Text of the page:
A special by-law means you can camp and hike anywhere in the Norwegian countryside, as long as you respect private property. You can walk for days on well-marked paths and leave nothing behind in nature but your footprints. 

Although the whole of Norway possesses breathtakingly beautiful scenery, you need to decide which area in particular you want to visit. There’s Western Norway, Northern Norway, Trønderlag, Southern Norway and Eastern Norway… No matter which area you pick, spectacular experiences await you. But if it’s the mountains and fjords you’re looking for, Western and Northern Norway are the best options.  

Fjords, mountains and fishing villages

The western part of the country attracts thousands of tourists every year. Geiranger Fjord, for example, is on the UNESCO’s World Heritage List. With its high waterfalls and deserted mountain farms, it’s considered a jewel even amongst Norway’s many beautiful fjords. 

Nærøy Fjord, Hardang Fjord and Sogne Fjord are also popular destinations.  

If you’re near Stavanger, you must consider hiking up the Pulpit Rock. One of the most popular mountain hiking tours in Norway, as it possesses a staggeringly high view from a unique mountain plateau.

The Atlantic Ocean Road in the northwest has been described as one of the world’s best road trips.

Or you could travel to Northern Norway, the country’s biggest region, to discover old fishing villages, remote islands and unspoilt nature.  

The beautiful Helgeland Coast is also found in this region, and it’s perfect to go island-hopping to Træna and the Vega islands, for example. The picturesque Lofoten with Svolvær as the jewel in the crown, or the old fishing village Henningsvær are both worth a visit, not to mention Vesterålen and Senja.  

You’ll also find that the beaches in Northern Norway are as white and beautiful as those in the Caribbean, but with slightly cooler water. You might even venture as far north as Nordkapp, the northernmost point of the European mainland.  

Lonely hiker on the edge of Pulpit Rock
Hiking up the Pulpit Rock in Lysefjorden is an unforgettable experience. © Per Eide –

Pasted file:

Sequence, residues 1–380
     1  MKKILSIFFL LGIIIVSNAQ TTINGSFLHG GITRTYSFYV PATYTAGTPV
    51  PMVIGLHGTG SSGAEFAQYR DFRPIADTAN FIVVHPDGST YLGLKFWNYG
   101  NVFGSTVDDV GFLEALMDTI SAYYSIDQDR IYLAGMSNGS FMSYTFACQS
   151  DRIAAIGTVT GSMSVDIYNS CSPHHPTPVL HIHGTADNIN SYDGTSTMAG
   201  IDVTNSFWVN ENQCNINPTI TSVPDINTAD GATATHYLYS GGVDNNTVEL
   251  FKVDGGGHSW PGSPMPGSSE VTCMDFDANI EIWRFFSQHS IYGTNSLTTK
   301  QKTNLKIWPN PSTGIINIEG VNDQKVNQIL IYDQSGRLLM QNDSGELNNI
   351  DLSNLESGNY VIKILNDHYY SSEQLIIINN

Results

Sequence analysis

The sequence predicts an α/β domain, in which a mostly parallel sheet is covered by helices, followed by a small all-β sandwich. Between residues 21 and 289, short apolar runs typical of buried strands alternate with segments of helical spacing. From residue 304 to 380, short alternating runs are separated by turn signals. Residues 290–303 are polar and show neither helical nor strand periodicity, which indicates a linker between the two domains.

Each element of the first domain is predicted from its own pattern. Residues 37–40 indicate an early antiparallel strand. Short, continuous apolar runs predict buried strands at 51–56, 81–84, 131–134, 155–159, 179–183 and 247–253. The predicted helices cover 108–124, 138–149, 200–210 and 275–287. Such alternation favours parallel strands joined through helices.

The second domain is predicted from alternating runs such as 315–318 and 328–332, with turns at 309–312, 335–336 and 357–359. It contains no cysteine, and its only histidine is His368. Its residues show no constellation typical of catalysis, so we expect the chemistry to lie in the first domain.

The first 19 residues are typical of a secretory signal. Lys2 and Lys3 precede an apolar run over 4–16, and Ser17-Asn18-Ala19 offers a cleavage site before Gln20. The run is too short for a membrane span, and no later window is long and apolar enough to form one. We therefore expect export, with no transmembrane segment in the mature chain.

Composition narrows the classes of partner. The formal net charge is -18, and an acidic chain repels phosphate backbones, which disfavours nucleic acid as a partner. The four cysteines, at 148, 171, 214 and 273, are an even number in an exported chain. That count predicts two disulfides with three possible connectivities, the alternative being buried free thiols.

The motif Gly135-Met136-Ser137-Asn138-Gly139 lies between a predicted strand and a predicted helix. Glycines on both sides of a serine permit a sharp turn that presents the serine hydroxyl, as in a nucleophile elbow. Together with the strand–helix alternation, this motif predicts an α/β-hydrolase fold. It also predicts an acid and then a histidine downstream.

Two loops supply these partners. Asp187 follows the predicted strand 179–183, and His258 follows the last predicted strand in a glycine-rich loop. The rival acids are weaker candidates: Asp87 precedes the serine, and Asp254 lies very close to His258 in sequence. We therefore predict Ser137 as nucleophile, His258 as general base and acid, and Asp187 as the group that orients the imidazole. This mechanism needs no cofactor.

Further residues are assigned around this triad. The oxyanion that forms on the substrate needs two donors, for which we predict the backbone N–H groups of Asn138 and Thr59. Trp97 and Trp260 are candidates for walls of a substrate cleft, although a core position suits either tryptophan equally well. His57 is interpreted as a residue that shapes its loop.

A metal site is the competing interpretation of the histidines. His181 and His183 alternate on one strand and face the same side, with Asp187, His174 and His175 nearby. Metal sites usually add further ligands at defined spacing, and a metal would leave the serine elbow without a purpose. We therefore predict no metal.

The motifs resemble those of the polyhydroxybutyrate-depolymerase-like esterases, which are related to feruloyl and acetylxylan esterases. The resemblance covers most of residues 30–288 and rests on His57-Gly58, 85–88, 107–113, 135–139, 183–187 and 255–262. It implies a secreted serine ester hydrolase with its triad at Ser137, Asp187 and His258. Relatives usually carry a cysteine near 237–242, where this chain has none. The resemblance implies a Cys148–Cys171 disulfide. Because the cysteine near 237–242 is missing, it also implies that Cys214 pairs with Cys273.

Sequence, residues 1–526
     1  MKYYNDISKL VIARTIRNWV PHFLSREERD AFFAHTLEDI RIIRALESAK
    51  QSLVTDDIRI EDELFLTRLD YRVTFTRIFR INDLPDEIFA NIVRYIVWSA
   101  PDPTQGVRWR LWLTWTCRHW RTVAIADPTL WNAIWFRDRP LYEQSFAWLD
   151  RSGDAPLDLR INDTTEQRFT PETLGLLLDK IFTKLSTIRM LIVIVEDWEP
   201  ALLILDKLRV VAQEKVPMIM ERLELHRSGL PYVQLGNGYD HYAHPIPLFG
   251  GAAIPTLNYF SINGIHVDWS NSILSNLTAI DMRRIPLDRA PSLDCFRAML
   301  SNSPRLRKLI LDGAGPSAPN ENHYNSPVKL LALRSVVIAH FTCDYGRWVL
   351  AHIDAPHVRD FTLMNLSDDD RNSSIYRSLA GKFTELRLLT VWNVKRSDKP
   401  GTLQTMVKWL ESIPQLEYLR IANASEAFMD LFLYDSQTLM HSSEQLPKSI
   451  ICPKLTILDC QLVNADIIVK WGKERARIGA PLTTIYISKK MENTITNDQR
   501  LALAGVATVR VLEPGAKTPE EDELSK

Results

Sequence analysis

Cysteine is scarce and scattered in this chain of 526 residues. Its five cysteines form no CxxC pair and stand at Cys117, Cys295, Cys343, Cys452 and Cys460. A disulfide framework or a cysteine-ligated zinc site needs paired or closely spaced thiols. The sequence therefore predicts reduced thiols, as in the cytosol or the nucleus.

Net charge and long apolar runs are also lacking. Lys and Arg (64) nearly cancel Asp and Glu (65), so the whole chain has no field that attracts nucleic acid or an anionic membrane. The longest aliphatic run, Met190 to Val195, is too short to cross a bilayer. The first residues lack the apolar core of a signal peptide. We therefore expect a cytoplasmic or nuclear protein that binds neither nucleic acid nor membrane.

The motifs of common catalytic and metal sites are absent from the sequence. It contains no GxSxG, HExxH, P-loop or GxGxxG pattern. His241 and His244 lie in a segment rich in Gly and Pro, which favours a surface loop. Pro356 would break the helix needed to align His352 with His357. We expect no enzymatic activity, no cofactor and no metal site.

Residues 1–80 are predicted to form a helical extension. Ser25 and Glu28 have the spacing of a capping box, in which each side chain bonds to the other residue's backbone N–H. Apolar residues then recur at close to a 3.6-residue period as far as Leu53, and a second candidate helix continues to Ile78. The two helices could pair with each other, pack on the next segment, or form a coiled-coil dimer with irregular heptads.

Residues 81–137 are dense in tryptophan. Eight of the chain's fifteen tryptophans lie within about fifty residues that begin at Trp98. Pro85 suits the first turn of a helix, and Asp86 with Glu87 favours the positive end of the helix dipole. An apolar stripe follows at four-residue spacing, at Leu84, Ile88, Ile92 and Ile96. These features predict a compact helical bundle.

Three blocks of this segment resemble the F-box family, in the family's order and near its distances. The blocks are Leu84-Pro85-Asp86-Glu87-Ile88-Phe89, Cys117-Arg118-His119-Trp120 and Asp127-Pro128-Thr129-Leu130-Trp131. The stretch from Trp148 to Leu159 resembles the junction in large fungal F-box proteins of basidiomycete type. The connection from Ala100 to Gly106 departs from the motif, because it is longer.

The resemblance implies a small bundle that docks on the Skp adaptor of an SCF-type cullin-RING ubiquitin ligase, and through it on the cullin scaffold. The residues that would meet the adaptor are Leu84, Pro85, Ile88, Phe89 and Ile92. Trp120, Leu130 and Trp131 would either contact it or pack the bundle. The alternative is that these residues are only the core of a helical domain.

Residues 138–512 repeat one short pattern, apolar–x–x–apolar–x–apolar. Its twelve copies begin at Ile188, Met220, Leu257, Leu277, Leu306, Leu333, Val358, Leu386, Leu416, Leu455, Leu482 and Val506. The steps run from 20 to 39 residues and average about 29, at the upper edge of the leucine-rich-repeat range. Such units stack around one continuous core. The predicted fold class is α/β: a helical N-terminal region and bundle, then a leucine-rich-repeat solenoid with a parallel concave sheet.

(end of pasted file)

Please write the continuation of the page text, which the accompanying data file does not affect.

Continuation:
The Eldorado of outdoor activities

If you like to be active, Norway is the Eldorado of outdoor activities. There’s skiing, climbing, hiking among the mountain peaks… And with its magnificent coastline, fjords, lakes and rivers, Norway is a mecca for canoeing and kayaking. Surfing has also become popular in Norway in recent years, and some of the best places are Lofoten in Northern Norway, as well as Jæren, Stad and Hoddevik in Western Norway.  

If fishing is your sport, try your luck in the teeming streams, lakes and inlets of Northern Norway. Although fishing is possible all year round, ice fishing in the winter is especially appealing to anglers. Or perhaps a King Crab Safari is more your style? No matter what your interest, there’s something for you in the vast range of options offered by Norway. 

Just a little tip: GetYourGuide offers affordable prices for different activities and tours in Norway, not to mention that you can earn CashPoints on all your activities. 

Man fishing under the midnight sun
What about fishing in the midnight sun? © Alexander Benjaminsen –

City life – urban delights

Oslo opera house seen from the harbour promenade
Walking on the rooftop of The Opera House is a must when visiting Oslo. © Didrick Stenersen – VisitOslo

If you plan on flying to one of Norway’s big cities, you should also set aside a few days for some sampling of their urban delights. Staying in the city doesn’t need to be expensive. Many of their attractions are completely free. Oslo, Bergen, Trondheim, Stavanger and Tromsø are all stunning cities worth a visit.  

If you’re visiting the capital Oslo, we recommend you take a look at the sculpture museum, Vigeland Park. Featuring the works of sculptor Gustav Vigeland, there are 200 granite, bronze and cast-iron sculptures, all surrounded by a lush green park situated right in the middle of Oslo. Take a picnic basket, and you’ve got lunch covered!  

If a fantastic panoramic view of the city is what you want, check out Ekebergparken or Holmenkollen.  

Leisurely walking along the city’s harbour is always a pleasant experience. You can walk uninterrupted for a full 10 km, all the while enjoying the ocean view. Start in the vibrant new neighbourhood of Sørenga, take in the view past Bispevika, the Munch Museum, the Oslo Opera House and continue to Aker Brygge and Tjuvholmen.  

A little tip: with the Oslo Pass, you gain free access to 30 museums and public transport for 24, 48, or 72 hours. Big savings are on offer!